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If I do ps ax in Terminal, the result will be like this:

  PID   TT  STAT      TIME COMMAND
    1   ??  Ss     2:23.26 /sbin/launchd
   10   ??  Ss     0:08.34 /usr/libexec/kextd
   11   ??  Ss     0:48.72 /usr/sbin/DirectoryService
   12   ??  Ss     0:26.93 /usr/sbin/notifyd

While if I do echo $(ps ax), I get:

PID TT STAT TIME COMMAND 1 ?? Ss 2:23.42 /sbin/launchd 10 ?? Ss 0:08.34 /usr/libexec/kextd 11 ?? Ss 0:48.72 /usr/sbin/DirectoryService 12 ?? Ss 0:26.93 /usr/sbin/notifyd

Why?

And how do I preserve the newlines and tab characters?

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Where do you want to use the output again? –  sehe Jul 7 '11 at 19:30

6 Answers 6

up vote 8 down vote accepted

Same way as always: use quotes.

echo "$(ps ax)"
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Simply use double-quotes in the variable that is being echo'd

echo "$(ps ax)"

this will do it without all that extra junk coding or hassle.

edit: ugh... someone beat me to it! lol

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That's because echo isn't piping at all--it's interpreting the output of ps ax as a variable, and (unquoted) variables in bash essentially compress whitespace--including newlines.

If you want to pipe the output of ps, then pipe it:

ps ax | ... (some other program)
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Ok, say i want to do ps ax | grep foobar it still messes the design up. –  Tyilo Jul 7 '11 at 19:30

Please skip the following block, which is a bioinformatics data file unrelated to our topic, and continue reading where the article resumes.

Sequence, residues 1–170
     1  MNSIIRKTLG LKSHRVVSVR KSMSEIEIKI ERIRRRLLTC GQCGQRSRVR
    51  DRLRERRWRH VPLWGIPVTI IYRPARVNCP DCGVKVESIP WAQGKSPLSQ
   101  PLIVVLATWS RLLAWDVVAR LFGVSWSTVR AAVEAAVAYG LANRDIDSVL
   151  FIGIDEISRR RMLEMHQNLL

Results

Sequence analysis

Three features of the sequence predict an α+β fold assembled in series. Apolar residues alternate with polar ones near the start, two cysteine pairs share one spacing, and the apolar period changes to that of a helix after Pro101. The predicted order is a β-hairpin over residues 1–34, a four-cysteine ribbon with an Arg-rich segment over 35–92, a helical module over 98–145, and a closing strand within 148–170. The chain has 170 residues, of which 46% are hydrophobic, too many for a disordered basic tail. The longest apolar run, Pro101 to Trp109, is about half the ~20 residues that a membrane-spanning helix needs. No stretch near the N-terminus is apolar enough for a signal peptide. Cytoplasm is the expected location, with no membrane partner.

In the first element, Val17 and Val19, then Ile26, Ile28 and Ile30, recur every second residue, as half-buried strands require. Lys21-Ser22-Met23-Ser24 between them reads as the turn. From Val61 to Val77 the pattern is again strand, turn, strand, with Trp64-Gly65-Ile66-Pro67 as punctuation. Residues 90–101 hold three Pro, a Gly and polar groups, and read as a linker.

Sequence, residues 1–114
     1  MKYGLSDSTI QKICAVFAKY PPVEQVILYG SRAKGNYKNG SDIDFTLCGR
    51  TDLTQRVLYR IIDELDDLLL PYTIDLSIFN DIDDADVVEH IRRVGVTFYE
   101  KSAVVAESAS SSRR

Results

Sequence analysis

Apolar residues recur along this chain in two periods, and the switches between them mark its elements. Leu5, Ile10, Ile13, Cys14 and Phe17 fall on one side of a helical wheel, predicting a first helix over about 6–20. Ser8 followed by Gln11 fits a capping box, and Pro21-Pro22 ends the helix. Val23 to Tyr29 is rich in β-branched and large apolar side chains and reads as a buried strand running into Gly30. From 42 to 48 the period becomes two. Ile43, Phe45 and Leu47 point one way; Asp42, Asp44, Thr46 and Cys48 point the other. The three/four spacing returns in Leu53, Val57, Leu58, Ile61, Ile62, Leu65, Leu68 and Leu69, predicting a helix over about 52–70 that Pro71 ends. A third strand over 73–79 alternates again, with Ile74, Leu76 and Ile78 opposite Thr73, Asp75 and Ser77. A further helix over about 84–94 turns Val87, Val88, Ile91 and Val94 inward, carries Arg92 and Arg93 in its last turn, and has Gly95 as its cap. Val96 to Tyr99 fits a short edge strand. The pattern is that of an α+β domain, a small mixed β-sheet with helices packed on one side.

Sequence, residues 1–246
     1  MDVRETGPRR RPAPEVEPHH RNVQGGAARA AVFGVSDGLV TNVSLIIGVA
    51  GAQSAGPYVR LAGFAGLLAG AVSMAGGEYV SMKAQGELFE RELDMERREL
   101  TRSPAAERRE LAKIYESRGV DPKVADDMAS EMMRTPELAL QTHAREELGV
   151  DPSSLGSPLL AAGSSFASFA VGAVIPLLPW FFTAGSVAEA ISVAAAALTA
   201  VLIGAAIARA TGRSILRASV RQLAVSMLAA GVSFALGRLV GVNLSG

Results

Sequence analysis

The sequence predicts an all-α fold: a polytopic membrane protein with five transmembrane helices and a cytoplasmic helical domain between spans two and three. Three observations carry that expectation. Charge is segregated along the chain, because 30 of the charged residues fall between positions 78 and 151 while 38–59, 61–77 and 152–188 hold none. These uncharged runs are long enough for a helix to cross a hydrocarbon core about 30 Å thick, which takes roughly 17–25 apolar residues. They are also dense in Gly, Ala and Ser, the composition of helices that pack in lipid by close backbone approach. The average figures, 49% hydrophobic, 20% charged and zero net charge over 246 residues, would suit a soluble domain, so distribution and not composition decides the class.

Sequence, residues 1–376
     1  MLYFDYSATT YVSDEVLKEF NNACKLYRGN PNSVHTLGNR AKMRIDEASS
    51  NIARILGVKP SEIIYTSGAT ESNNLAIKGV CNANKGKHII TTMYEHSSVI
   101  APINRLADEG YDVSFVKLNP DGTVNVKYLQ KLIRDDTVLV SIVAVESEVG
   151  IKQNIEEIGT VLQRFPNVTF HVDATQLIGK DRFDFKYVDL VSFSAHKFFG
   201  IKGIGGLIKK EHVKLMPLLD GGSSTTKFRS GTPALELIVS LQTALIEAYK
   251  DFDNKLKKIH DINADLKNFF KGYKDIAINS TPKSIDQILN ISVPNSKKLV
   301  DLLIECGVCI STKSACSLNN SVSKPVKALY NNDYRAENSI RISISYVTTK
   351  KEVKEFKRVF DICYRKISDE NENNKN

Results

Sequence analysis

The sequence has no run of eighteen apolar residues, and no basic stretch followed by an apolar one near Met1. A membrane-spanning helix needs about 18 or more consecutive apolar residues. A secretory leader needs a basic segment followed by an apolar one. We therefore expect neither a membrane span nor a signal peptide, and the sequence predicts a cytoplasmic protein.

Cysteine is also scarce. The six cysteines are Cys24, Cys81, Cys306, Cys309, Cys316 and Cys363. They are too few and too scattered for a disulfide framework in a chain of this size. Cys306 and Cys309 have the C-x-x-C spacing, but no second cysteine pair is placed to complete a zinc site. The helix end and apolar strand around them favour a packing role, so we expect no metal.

I use that construct all the time, and it works great for me. If you think the output is incorrect when actually piping, please provide additional details in your question. –  Flimzy Jul 7 '11 at 19:31
1  
Nope, just me being totally stupid –  Tyilo Jul 7 '11 at 19:40

Rethink your problem/solution.

When you want $(ps ax) - with preserved newlines - USUALLY mean a bad design and you probably want use pipes or redirection. Usually - so, maybe it is ok - really wondering what you want achieve. :)

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Or if you want to have line-by-line access:

readarray psoutput < <(ps ax)

# e.g.
for line in "${psoutput[@]}"; do echo -n "$line"; done

This requires a recent(ish) bash version

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Are you talking about piping the output? Your question says "pipe", but your example is a command substitution:

ps ax | cat  #Yes, it's useless, but all cats are...

More useful?

ps ax | while read ps_line
do
   echo "The line is '$ps_line'"
done

If you're talking about command substitution, you need quotes as others have already pointed out in order to force the shell not to throw away whitespace:

echo "$(ps ax)"
foo="$(ps ax)"
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